RCR training focuses on the development of ethical practices in research across the variety of disciplines and domains available at UT Dallas. We aim to provide our next generation of researchers a leading edge, as well as hone the practices of more seasoned researchers.

The level of training required is dependent upon the type of grant or contract funding received, such as National Institutes of Health (NIH) or National Science Foundation (NSF), or by the level of training and experience of the individuals engaged in research at UT Dallas. Additional opportunities beyond the required training are encouraged to promote professional development.

RCR Foundations Training

In order to earn an RCR Foundations Training certification, students, postdocs, and staff must complete the online Responsible Conduct of Research (RCR) training. All online training must be completed within 30 days of receiving support from NSF or select NIH grants.

RCR Development Series

In order to earn an RCR Development Series certification, students, postdocs, and staff must complete the online RCR Foundations Training and attend the additional five core workshops. Workshop modules are offered once each in the fall and spring semester. Sessions do not have to be attended in sequential order and can be completed across multiple semesters. All core workshops must be completed in the first 24 months of receiving support from NSF or select NIH grants. Registration is required for attendance and seating is limited.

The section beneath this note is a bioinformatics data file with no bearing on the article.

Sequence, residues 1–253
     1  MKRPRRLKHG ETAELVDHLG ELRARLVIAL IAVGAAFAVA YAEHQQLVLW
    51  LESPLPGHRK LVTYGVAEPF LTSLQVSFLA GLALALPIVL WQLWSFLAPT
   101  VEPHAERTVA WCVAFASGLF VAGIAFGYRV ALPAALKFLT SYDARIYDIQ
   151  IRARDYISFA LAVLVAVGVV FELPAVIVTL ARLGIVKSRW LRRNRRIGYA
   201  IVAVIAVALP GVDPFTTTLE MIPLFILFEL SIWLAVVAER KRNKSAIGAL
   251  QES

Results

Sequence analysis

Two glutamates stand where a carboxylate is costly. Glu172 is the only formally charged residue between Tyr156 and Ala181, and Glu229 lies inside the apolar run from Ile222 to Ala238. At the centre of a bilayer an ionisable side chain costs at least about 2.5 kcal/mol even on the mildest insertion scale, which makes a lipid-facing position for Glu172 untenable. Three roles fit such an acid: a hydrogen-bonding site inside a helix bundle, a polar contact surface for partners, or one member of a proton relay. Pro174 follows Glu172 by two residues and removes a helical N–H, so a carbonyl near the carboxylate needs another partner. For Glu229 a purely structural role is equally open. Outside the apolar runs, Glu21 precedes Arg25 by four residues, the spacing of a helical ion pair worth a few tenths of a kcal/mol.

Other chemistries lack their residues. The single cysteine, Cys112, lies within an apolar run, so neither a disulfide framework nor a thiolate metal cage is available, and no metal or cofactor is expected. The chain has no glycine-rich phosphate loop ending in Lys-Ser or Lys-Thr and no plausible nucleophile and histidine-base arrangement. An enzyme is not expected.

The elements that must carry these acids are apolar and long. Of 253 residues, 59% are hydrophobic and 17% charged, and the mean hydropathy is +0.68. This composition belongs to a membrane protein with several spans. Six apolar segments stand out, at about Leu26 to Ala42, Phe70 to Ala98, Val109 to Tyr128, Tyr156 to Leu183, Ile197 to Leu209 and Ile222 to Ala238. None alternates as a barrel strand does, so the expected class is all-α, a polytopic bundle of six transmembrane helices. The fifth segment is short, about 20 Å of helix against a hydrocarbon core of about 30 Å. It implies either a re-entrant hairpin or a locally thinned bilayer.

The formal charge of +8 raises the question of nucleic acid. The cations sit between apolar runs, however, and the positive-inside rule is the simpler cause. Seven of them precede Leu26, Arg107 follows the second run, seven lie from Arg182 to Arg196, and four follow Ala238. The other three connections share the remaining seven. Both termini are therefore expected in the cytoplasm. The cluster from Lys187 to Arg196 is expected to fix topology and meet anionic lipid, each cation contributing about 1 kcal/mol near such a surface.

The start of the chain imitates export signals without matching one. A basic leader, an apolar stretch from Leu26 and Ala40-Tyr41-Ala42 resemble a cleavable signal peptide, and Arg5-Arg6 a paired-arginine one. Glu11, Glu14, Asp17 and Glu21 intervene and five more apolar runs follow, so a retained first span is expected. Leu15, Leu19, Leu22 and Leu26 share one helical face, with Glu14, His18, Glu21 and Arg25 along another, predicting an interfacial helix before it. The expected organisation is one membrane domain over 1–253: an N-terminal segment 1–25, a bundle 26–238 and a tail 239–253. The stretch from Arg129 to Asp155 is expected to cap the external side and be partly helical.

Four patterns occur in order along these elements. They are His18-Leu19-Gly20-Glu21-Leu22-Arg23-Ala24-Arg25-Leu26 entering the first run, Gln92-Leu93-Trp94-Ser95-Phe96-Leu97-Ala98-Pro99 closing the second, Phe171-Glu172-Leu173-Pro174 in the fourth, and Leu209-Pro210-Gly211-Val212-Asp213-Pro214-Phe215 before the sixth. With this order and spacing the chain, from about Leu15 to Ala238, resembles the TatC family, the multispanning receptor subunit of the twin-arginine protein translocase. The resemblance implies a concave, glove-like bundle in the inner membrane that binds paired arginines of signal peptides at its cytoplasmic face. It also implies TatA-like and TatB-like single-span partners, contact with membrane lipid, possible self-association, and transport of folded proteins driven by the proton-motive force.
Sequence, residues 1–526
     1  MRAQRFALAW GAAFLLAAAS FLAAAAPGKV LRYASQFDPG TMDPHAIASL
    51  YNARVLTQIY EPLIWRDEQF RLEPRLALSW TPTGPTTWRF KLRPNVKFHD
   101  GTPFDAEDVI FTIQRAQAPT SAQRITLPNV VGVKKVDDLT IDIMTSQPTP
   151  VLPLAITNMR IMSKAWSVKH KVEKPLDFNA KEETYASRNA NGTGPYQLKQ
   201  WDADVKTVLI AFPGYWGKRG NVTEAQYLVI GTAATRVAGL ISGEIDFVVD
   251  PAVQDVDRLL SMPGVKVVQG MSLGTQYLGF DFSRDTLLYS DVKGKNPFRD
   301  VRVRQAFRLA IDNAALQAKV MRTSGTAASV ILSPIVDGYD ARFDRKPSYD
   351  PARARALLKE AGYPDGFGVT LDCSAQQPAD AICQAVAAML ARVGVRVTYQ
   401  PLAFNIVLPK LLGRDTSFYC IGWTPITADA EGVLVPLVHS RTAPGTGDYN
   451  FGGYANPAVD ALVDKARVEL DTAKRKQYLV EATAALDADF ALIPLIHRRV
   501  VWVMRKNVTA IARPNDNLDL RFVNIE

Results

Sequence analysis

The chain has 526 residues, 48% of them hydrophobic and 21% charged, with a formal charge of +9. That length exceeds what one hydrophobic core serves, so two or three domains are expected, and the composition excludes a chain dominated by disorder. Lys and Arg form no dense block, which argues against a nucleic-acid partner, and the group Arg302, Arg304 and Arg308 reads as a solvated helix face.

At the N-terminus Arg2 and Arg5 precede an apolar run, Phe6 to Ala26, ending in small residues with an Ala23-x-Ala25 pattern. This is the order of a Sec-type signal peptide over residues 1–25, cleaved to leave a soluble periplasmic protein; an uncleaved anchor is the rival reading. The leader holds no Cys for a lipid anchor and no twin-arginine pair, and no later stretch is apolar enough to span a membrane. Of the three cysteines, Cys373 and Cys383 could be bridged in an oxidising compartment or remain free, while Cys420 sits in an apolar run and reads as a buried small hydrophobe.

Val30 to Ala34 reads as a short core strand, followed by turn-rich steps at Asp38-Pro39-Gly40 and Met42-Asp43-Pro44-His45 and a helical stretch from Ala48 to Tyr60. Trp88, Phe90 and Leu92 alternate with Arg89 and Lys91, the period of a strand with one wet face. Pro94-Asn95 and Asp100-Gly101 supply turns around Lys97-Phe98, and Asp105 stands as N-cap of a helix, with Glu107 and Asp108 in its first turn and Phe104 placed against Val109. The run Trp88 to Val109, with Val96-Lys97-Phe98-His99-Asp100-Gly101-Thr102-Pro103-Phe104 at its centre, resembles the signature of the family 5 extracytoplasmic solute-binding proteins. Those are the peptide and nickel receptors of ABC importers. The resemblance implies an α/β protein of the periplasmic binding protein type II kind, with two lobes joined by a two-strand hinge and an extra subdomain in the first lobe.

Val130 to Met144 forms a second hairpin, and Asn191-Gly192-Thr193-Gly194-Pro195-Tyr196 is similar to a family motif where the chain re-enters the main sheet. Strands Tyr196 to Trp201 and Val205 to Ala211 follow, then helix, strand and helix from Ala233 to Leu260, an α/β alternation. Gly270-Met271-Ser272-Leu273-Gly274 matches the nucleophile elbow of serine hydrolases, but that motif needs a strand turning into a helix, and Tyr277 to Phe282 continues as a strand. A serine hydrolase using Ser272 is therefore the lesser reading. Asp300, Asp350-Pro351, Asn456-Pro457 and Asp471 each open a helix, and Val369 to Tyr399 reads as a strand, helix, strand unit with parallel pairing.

Core Workshops

  • Introduction to Responsible Conduct of Research
  • Designing Your Research
  • Conducting Your Research
  • Reporting Your Research
  • Responsibilities to Society

RCR Professional Series

In order to earn an RCR Professional Series certification, students, postdocs and staff, must complete the RCR Foundations Training and RCR Development Series plus two elective seminars.  Elective seminars are presented by prominent University researchers in their fields of expertise. Registration is required for attendance and seating is limited.

Elective seminars will be held several times annually and will feature a variety of topics such as:

  • Research Ethics – Avoiding the Pitfalls of Research Misconduct
  • Mentor and Mentee Responsibilities and Relationships
  • Human Subjects in Research
  • Data Management and Ownership

Online Training